Digital service brands use different means of influence

Some brands and companies build their brand relationships more skilfully than their competitors do.

The desired content is offered to the user in a personalised and right format at the moment when the user takes up the service. Digital services brands use human-like elements for this, such as conversations with their user: “Hey Tiina, here are some of your favourites”.  The brand becomes like a friend.

The brands can appeal to emotions or bring the service closer to the user, at least for some emotionally driven users. On the other hand, digital service brands also exploit the reward system of humans.

Suitable content is fed to the users endlessly, for example, in the form of videos: the person gets more relevant content, and the digital service brand gets its users to spend more time with the brand.

But, as already pointed out: fire is a good servant but a bad master.

Also, digital service brands are prone to a brand relationship ending. Even a good working relationship can be lost quickly if the committed act is unforgivable. Netflix, for example, suffered from distrust in February 2022 after Russia attacked Ukraine, because Netflix’s operations in Russia were not suspended fast enough.

Users campaigned against Netflix, for example, by using the #njetflix hashtag on social media, such as Twitter. Even as Netflix users rushed to cancel their subscriptions, Netflix reacted only later to this.

Differences in our relationships with product brands and digital service brands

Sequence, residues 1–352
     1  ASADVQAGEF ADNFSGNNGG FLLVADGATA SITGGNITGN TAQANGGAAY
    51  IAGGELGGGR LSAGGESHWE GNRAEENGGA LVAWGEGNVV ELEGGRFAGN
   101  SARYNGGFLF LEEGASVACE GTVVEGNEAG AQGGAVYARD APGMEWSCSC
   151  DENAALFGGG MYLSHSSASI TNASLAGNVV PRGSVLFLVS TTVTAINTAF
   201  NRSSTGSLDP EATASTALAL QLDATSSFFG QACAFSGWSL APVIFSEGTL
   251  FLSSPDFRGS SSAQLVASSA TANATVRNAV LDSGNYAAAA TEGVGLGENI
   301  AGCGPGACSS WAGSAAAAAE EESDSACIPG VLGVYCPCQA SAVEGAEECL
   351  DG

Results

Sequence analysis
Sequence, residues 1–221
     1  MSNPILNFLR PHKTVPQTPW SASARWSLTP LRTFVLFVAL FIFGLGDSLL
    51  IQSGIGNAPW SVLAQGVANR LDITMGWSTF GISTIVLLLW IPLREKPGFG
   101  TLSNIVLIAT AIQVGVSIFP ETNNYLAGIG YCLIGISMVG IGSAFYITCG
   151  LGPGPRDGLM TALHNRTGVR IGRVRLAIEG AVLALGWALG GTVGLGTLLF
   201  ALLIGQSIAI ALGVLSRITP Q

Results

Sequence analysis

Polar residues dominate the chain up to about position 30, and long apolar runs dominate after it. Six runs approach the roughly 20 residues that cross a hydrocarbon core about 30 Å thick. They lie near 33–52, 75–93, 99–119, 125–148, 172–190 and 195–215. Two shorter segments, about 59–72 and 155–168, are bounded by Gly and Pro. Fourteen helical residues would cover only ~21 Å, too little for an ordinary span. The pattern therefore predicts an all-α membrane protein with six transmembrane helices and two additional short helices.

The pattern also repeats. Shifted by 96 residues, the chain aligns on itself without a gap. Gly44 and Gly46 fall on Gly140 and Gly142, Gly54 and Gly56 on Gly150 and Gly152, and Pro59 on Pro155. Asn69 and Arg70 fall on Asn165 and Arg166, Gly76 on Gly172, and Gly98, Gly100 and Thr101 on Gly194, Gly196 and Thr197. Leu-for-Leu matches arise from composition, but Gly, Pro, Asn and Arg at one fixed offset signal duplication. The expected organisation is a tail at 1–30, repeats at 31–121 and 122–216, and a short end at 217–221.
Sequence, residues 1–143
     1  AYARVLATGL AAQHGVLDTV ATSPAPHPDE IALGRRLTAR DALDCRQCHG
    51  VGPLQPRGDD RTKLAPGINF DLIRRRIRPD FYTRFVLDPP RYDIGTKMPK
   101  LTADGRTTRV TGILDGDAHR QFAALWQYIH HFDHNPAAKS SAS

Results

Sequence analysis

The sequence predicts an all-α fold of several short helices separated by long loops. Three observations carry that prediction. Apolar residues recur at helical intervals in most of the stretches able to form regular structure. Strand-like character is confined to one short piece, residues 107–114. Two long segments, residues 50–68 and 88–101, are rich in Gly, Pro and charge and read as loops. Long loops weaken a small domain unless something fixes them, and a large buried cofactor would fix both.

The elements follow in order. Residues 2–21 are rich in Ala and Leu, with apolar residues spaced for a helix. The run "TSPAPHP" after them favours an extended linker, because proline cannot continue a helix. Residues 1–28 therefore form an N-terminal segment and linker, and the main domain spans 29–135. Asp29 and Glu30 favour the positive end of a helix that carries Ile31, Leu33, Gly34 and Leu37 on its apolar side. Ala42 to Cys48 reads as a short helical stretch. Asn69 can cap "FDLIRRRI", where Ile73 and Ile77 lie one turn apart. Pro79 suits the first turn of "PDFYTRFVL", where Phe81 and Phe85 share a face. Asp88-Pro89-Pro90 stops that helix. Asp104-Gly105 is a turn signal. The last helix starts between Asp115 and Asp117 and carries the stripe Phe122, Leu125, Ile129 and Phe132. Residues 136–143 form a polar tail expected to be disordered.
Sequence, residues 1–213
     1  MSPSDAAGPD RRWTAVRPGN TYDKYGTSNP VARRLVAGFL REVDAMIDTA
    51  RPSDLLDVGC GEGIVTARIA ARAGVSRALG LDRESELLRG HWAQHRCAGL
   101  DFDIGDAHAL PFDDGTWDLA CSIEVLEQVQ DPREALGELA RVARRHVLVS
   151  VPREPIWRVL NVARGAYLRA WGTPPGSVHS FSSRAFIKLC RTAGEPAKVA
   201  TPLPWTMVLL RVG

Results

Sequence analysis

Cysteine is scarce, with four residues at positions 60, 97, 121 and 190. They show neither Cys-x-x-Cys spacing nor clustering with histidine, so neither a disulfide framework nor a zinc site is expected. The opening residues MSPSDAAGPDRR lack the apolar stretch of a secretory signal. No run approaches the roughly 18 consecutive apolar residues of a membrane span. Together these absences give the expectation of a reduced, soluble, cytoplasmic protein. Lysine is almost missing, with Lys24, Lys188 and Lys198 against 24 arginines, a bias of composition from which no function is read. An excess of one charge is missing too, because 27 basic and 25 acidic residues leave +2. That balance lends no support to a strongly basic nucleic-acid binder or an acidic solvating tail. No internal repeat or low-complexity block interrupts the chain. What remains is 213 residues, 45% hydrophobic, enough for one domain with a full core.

A non-physical, digital service brand is easily involved in almost every moment of every day through devices. At best, a person gets a lot of joy from relevant content that improves productivity at work or brings joy to their everyday life. But how many of us fall into the pattern of waking up and falling asleep with our phone being the first and last thing on our mind? And, even between these moments, we may have a phone in our hands for hours.

The device alone is not causing this.

The digital services brands and their targeted content will make people feel comfortable and get them addicted to, for example, endless Tiktok’s funny dance videos or bingeing on Netflix for hours.

Our physical brands, on the other hand, are more visible in certain moments. Digitalisation cannot be excluded even when it comes to physical product brands, as information acquisition and interaction often take place in a digital environment.

At their finest, brand relationships bring a lot of joy and are useful to a person, as long as the person is in full control.

The writer is a doctoral researcher in the Faculty of Information Technology at the University of Jyväskylä.  She researches consumer behaviour in omnichannel environments that combine the digital and physical world.  She works on the project Comprehensive Customer Understanding based on Data Analytics in a Multi-Channel Service Environment and is a member of the research group Value Creation for Cyber-Physical Systems and Services (CPSS). She has a love–hate relationship with digital devices and brands.